CR: Can you print recipes from the PlayBook App?
Scapilatti: No. The only way to do that is you can instantly e-mail a recipe to anyone in your contact list and then print that e-mail, or you could instantly link to Facebook we have complete…it’s integrated with Facebook, automatic sign in, post it on your wall and then access it that way.
Henderson: The integration features …those are in the iPad App, we’ve had a lot more time for the development of the iPad App. Eventually we want to get the two Apps as the same, so that the PlayBook App has all the same features as the iPad App.
And with the PlayBook, one the really important thing for us was to be one of the launch Apps, and we were successful in that but it did mean that we couldn’t put every single feature in this we wanted to.
CR:Okay can you tell us about the tools that you used, specifically to develop the App?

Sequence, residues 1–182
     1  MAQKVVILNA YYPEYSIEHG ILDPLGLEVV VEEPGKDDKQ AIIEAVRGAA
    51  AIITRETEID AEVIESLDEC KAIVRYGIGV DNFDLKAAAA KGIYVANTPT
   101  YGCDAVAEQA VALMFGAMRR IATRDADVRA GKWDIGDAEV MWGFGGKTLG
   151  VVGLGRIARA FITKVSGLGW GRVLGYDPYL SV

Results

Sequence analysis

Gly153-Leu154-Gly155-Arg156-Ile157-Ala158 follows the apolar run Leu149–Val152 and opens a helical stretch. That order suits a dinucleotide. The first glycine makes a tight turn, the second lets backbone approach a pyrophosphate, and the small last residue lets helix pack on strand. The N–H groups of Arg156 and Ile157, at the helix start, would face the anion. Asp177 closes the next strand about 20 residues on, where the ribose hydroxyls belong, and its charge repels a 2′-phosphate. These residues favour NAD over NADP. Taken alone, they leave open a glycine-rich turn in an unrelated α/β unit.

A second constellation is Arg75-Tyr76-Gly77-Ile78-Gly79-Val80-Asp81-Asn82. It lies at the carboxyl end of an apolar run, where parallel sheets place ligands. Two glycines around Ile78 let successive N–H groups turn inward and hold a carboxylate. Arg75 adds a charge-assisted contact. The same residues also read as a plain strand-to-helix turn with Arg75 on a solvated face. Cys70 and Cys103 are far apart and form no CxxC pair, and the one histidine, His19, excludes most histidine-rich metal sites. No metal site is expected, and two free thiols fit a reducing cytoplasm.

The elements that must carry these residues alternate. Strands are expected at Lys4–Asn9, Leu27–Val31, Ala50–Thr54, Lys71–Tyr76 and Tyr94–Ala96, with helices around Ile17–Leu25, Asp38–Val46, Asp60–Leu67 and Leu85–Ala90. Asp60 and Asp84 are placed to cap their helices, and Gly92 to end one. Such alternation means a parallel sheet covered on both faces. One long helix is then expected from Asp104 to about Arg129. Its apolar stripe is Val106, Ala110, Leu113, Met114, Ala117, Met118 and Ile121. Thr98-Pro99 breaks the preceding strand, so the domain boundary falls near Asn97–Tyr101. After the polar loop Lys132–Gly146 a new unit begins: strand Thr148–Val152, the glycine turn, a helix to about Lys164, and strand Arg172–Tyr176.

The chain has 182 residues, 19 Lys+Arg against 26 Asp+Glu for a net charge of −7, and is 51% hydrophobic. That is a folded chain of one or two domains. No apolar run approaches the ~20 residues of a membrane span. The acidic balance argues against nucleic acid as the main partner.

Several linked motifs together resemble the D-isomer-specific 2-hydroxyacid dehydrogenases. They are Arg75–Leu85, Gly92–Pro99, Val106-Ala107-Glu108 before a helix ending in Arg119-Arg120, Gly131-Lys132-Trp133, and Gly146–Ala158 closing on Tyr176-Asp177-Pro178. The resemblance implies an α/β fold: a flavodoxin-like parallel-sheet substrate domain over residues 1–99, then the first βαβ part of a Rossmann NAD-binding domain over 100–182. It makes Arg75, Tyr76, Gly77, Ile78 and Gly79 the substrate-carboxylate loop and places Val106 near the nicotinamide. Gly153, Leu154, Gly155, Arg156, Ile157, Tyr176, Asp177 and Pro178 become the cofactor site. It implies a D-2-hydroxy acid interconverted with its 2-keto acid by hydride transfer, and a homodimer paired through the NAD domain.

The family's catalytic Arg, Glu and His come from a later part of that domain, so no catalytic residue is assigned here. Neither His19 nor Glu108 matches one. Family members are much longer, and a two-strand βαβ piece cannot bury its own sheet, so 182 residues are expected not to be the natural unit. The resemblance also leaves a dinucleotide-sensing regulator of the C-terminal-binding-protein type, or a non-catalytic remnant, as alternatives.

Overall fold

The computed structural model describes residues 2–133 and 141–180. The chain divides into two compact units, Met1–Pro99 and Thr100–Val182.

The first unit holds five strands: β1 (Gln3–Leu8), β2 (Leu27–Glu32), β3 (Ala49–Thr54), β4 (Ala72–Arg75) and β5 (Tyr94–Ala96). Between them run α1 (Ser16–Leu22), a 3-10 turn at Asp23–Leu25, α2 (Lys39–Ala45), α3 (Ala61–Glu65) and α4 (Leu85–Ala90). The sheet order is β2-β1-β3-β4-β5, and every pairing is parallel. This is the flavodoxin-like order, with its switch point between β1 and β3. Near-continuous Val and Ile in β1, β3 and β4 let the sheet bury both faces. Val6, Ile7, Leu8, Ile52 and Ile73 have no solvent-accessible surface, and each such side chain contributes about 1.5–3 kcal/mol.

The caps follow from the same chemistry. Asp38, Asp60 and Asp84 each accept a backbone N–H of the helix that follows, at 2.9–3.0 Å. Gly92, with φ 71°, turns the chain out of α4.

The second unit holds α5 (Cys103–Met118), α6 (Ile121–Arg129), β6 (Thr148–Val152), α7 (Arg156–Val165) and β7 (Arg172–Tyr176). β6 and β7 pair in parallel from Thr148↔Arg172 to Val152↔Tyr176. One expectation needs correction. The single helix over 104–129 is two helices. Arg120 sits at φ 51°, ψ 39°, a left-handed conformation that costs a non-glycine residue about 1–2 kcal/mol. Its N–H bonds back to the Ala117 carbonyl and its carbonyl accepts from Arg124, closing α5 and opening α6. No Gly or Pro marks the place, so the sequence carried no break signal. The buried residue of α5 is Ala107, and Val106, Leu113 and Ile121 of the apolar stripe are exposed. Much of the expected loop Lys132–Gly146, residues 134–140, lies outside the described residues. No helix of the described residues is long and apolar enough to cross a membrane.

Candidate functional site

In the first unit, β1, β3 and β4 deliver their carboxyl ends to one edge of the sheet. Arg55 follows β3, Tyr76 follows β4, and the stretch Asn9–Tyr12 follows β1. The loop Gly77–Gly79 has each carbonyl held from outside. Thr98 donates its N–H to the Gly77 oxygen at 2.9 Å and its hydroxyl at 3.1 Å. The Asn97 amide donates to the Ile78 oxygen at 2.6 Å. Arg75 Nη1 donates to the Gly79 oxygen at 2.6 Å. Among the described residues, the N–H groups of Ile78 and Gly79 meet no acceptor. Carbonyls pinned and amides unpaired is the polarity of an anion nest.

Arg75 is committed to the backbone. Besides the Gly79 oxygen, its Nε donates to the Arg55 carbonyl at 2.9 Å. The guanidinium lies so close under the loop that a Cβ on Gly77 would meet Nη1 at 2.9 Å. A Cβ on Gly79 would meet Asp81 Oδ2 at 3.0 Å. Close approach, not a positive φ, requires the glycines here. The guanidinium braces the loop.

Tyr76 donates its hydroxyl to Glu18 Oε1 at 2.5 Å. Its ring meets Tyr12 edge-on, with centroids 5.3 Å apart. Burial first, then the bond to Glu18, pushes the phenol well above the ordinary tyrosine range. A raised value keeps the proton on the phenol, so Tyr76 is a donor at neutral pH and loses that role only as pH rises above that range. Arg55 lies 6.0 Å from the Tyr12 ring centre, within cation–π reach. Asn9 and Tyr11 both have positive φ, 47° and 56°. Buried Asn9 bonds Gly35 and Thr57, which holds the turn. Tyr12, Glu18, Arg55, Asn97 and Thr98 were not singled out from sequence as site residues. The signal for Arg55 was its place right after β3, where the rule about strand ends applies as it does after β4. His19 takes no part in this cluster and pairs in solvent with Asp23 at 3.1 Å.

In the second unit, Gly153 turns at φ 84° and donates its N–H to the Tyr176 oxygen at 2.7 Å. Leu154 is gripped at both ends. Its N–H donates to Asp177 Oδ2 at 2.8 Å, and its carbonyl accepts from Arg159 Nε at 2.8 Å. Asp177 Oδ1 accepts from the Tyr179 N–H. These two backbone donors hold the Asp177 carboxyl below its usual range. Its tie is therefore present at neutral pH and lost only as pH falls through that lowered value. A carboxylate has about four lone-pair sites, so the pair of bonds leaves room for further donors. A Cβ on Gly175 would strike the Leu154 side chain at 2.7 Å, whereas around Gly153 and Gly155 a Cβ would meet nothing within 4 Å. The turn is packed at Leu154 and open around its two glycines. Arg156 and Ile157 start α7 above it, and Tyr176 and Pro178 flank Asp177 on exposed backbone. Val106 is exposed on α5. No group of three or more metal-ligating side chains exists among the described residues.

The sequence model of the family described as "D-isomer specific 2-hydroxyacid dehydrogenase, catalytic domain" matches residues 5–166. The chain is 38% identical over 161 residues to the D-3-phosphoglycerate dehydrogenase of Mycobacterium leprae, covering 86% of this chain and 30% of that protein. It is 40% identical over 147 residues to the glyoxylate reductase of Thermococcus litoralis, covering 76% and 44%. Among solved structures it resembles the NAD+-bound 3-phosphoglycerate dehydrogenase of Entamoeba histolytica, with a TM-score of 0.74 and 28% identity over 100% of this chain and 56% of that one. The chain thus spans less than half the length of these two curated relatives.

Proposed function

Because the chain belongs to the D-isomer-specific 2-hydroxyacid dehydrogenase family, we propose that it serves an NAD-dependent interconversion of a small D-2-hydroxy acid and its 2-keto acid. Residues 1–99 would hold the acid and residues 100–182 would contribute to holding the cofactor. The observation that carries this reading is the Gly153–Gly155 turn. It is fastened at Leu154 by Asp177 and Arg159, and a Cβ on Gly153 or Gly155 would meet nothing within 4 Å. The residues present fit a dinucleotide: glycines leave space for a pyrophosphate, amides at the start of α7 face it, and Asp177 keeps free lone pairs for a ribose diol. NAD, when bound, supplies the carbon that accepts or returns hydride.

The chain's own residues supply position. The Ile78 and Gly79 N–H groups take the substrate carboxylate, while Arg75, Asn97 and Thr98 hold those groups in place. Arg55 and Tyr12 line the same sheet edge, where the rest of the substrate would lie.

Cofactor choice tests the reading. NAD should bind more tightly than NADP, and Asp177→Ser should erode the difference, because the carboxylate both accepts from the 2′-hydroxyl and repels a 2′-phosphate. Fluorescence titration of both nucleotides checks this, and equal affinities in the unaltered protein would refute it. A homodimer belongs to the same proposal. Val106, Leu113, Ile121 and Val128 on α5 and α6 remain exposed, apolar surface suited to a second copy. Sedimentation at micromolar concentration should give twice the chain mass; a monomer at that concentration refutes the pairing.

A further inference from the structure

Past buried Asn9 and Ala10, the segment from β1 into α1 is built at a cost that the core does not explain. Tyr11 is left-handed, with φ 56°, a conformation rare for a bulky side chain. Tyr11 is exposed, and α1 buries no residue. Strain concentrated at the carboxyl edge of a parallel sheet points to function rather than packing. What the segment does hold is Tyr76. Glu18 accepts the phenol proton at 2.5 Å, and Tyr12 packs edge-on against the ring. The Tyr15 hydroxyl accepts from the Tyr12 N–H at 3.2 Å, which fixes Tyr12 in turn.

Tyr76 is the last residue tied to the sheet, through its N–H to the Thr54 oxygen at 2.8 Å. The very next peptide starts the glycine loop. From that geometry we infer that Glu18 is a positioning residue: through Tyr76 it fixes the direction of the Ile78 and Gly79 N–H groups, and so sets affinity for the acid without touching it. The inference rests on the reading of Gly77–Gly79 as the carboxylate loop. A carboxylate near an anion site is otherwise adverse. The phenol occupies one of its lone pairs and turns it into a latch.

Henderson: Sure, we talked to Adobe and we decided to go with Adobe Flash Builder, we were using a BETA version of, now we’re going to use Flash Builder 4.5, which had all of the mobile components that are part of the AIR package. So it was written with an XML Action Script, so XML is a way of kind of rendering your layout and then Action Script.
When we started development we didn’t have a physical device, so we used to run a PlayBook simulator.
CR: How long before RIM was able to provide you with a PlayBook for testing?
Henderson: We got a device about a week before launch and then we were able to [tap] this on the device.
CR: So, was there much of a learning curve developing on the PlayBook on using the Adobe tools?
Henderson: There was, I mean there was and there wasn’t, we’ve been doing software for a long time and I am fortunate to have a really smart team so we are constantly exploring new technologies, so because of that it’s not hard for us to kind of adapt new technology. One of the nice things about the Adobe AIR package as I said is a lot of developers are very comfortable in it